-----------------------









    Quote Originally Posted by ramasund
    Thanks!

    I wish I had the user manual... I can't even find the model number

    Anyway, when I set the thermostat to High efficieny furnace, it cycles 15-7 (off-on)
    and when I set it to gas furnace less than 90% efficient, it cycles 9-4 (off-on)

    I need to figure out how to set the differential (will look for the manual online if I figure out the model)... I'm almost sure I can't adjust the heat anticipator, coz there is not one...

    Thanks again guys for the help!!
    Helpful
    labman's Avatar
    labman Posts: 10,580, Reputation: 551
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    #9

    Jan 7, 2007, 01:08 PM
    Has the thing always worked that way, or at least since you bought the house? If you were sold a house with a messed up thermostat, you may be able to make the seller send somebody to fix it.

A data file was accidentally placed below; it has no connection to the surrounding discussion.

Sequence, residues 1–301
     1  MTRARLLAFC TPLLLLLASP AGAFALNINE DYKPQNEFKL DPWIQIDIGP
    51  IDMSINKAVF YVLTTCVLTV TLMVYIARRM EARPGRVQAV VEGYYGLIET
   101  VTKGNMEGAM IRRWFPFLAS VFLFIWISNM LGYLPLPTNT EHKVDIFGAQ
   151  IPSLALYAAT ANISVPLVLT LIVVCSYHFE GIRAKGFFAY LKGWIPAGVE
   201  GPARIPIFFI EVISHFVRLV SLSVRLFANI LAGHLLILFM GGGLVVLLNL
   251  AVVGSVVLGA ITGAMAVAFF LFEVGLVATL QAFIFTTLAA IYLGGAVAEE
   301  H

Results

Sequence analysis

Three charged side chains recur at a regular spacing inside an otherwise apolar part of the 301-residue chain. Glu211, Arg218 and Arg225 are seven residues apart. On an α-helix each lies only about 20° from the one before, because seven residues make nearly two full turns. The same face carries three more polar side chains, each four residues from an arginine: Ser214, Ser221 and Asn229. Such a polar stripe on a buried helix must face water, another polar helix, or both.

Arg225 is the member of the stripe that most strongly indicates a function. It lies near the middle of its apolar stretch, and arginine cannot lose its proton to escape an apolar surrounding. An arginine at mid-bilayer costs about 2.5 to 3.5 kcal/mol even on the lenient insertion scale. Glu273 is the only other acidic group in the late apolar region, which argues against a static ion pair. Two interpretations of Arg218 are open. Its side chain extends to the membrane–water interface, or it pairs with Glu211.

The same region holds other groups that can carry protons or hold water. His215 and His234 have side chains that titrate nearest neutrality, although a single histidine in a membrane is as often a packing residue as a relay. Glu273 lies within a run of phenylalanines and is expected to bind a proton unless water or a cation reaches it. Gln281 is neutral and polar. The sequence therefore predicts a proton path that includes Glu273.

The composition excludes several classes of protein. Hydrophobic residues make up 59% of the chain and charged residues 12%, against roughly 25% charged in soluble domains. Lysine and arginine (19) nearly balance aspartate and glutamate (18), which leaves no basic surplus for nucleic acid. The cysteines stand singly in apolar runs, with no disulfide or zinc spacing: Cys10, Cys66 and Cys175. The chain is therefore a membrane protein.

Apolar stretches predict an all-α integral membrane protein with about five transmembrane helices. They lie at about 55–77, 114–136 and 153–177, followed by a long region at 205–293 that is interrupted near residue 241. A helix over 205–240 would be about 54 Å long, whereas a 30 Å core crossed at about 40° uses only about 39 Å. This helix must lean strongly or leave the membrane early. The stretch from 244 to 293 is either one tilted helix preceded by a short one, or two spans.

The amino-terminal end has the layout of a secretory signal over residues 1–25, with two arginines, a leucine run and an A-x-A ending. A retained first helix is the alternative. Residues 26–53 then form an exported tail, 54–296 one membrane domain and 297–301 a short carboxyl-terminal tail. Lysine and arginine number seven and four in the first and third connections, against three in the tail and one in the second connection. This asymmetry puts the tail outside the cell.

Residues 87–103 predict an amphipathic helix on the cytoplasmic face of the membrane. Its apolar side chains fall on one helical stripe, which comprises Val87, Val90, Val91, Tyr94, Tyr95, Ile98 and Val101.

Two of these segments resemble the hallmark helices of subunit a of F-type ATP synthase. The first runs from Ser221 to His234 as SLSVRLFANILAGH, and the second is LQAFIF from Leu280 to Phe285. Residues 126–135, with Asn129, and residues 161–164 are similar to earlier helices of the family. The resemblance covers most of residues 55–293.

Now that you have the model number, you might dig a little deeper yourself. Even if you don't have instructions, cycling through the settings could turn up the heat anticipator. Although I said such settings usually are better left alone, this may be a case for resetting it. Normally if a furnace once was running right, a problem is more likely to be a dirty flame detector or a sticky relay than the heat anticipator needing adjusted.
    Helpful (1)
    ramasund's Avatar
    ramasund Posts: 18, Reputation: 1
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    #10

    Jan 8, 2007, 01:18 AM
    It was probably cycling the same number of times an hour, except I didn't notice... It has been more than a year since I bought the house, so no luck there
    Helpful